Miami, Florida, December 22, 2010 – Jonathan Veniar, the former project manager with The Related Group’s Trump Towers development, recently won a summary judgment against the developer for $331,421.66 in bonuses that they had withheld from him.

Mr. Veniar, began his work as the project manager for the Related Group’s Trump Towers condominium development in Sunny Isles, Florida in 2005. Mr. Veniar and The Related Group signed an Employment Agreement that guaranteed performances bonuses that would pay Mr. Veniar when certain milestones were achieved during specific phases for each of the three Trump Towers.

According to the agreement, Mr. Veniar would receive a .75% bonus on the net profit after preferred returns for Trump Towers I, II and III. The bonus would be paid in 25% increments during phases, or milestones of the project: Ground Breaking, Topping off, Units Sold & Closed and Settlement with Condominium Association. The only condition was that he had to be employed at the time of the milestone to be paid the bonuses.

As the Trump Towers were built, Mr. Veniar successfully achieved six milestones that were stipulated in the Employment Agreement, but The Related Group only paid him four of the bonuses. The Related Group argued that Mr. Veniar’s bonuses were based on the actual net profits of the projects and that no additional bonus was due because the project eventually proved to be unprofitable when the South Florida real estate market turned for the worst. Mr. Veniar eventually filed a law suit to recoup the bonuses he was owed.

Melanie Damian, the attorney representing Mr. Veniar and a partner with the law of Damian & Valori LLP, argued that The Related Group’s reason for withholding the bonuses contradicted the testimony of their own Vice President of Condominium Operations, Alan Losado. Mr. Losado testified that he was responsible for calculating the performance bonuses for Mr. Veniar’s employment agreement and that the calculations were actually based on the Trump Tower’s Long Term Budget. As a result of his original calculations, Ms. Damian was able to prove that the most reasonable interpretation of the Employment Agreement required that the bonuses be paid based on the Long Term Budget and not a future calculation of “actual” profit.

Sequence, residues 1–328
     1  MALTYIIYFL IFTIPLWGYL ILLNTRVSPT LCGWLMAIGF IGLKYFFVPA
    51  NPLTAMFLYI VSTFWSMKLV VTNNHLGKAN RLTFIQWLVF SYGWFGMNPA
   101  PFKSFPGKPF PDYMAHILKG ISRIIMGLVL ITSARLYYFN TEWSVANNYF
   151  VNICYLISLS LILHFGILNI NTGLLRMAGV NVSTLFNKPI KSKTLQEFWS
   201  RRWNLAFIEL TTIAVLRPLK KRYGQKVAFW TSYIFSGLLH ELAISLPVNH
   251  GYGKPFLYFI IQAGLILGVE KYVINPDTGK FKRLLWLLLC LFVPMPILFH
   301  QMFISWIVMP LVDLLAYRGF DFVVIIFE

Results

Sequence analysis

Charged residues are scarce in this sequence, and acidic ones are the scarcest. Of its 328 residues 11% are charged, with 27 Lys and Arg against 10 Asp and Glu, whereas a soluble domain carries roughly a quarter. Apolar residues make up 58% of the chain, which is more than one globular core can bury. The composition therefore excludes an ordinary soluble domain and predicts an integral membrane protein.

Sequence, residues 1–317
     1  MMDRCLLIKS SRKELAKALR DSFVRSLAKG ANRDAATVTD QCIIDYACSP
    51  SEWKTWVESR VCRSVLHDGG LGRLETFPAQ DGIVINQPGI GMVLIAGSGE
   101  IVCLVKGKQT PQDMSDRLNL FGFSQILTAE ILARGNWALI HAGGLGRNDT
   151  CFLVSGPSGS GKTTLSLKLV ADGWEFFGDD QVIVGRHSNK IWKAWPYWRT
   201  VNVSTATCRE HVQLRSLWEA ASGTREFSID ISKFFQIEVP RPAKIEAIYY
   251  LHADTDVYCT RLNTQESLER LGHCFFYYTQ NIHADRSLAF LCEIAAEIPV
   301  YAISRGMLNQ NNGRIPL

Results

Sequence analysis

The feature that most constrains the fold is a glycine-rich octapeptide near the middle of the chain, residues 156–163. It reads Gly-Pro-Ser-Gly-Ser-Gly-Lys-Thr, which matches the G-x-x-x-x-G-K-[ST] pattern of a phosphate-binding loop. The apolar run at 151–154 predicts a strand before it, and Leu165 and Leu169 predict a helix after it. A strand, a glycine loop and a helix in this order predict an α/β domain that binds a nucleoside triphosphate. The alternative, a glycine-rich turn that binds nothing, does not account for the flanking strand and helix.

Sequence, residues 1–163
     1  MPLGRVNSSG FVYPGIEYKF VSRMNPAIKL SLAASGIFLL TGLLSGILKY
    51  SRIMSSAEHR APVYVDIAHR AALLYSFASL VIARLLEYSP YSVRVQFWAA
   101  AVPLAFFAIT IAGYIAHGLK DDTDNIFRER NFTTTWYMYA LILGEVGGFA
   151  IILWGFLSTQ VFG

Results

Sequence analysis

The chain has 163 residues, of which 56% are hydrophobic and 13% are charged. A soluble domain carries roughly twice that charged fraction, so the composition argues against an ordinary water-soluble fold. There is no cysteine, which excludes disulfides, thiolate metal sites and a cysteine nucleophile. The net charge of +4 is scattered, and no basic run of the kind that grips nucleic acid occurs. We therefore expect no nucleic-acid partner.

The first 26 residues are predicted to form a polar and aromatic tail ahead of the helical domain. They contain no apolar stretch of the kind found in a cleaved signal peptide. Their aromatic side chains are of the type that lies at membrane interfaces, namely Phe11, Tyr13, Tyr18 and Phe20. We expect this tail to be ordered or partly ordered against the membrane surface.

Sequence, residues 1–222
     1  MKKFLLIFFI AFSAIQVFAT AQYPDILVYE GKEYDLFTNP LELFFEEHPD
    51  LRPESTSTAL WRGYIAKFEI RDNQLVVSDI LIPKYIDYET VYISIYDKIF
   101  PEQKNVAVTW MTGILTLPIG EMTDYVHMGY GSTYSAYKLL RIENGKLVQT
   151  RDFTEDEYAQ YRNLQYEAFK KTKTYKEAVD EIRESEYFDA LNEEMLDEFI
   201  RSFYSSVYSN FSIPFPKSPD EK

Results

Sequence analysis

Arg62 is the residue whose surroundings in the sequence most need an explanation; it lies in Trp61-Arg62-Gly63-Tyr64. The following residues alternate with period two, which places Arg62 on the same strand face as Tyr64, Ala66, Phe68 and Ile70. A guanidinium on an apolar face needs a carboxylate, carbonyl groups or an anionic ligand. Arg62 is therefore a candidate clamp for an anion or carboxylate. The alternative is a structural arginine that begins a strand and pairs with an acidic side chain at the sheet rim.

On August 10, 2010, Eleventh Judicial Circuit Court Judge Valerie Manno Schurr granted Ms. Damian’s motion for summary judgment in favor of Mr. Veniar. “The case was pretty cut and dry,” said Ms. Damian. “My client fulfilled his end of the employment agreement and when the market took a turn, The Related Group tried to re-interpret the original agreement to avoid paying. Unfortunately, when big developments don’t sell as planned, employment contracts are often ignored.”